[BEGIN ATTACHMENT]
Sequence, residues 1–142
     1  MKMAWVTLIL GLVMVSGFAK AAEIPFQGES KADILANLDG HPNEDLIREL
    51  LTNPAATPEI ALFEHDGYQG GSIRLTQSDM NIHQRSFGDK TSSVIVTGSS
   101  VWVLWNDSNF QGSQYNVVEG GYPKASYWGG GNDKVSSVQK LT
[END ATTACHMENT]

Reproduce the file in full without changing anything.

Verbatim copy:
Sequence, residues 1–142
     1  MKMAWVTLIL GLVMVSGFAK AAEIPFQGES KADILANLDG HPNEDLIREL
    51  LTNPAATPEI ALFEHDGYQG GSIRLTQSDM NIHQRSFGDK TSSVIVTGSS
   101  VWVLWNDSNF QGSQYNVVEG GYPKASYWGG GNDKVSSVQK LT